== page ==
Service runs in my family.
I signed up for the Navy my junior year in high school. I wanted to follow in my grandfather’s footsteps and serve my country. I eventually went through Field Medical Service School, and became a Fleet Marine Force (FMF) Corpsman. On a deployment around South America and up the western coast of Africa, we trained with other countries’ militaries, drilled in preparation for attacks, and touched the lives of thousand of men, women and children through the Navy’s Community Relations (COMREL) and Project Handclasp Programs.
The Navy was challenging, rewarding, and taught me lessons about life that I apply every day at home and in my job at Color. Chief among them is to never quit, to persevere and to get the job done. For example, to be deployed as a medic with the 2nd Marine Division I had to physically keep up with the Marines. At the beginning I fell behind on runs and was placed on remedial PT, which meant earlier mornings and longer runs. There were superiors saying I wasn’t going to make it, but I refused to give up. And in the end, I proved I could do it. Something I keep in mind whenever I face a new challenge.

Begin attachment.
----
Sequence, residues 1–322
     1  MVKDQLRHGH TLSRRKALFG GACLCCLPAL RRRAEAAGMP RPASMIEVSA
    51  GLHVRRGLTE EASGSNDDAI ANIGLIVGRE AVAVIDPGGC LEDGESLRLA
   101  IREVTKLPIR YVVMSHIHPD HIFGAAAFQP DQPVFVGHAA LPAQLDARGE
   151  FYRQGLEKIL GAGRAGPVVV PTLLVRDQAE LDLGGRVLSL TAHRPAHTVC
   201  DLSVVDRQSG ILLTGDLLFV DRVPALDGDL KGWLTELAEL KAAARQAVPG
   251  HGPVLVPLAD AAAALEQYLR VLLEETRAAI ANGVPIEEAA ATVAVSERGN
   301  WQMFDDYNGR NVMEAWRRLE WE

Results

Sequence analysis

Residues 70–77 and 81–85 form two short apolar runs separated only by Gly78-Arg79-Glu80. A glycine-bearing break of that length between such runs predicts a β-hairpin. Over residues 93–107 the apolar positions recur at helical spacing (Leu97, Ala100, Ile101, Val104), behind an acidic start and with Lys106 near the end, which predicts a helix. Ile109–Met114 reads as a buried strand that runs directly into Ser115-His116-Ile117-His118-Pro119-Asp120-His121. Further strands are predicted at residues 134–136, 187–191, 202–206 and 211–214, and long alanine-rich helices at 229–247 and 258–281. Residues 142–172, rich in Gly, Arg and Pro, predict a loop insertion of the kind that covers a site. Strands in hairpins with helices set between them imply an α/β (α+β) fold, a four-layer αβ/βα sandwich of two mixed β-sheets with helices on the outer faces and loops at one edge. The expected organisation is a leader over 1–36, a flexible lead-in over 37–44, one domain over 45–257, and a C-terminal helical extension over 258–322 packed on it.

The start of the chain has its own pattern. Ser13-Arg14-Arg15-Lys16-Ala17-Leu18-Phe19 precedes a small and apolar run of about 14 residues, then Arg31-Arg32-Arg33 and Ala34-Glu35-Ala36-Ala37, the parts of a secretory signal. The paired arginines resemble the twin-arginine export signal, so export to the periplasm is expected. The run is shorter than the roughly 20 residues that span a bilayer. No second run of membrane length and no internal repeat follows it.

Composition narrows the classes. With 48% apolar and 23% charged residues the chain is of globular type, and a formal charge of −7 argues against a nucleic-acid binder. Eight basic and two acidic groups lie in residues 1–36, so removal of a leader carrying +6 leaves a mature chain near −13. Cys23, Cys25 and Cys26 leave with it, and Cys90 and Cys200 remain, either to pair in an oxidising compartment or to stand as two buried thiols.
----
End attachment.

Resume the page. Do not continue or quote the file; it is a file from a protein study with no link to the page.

Serving my country was one of the greatest honors of my life, and while I may no longer put on the uniform, I remain committed to helping others. Today, I partner with healthcare providers in Tampa and northern Florida to help more people live their healthiest life that science and medicine can offer. On Veterans Day, and everyday, I am thankful for the incredible sacrifice of all our servicemembers and their families and remain deeply grateful for the opportunity the Navy gave me.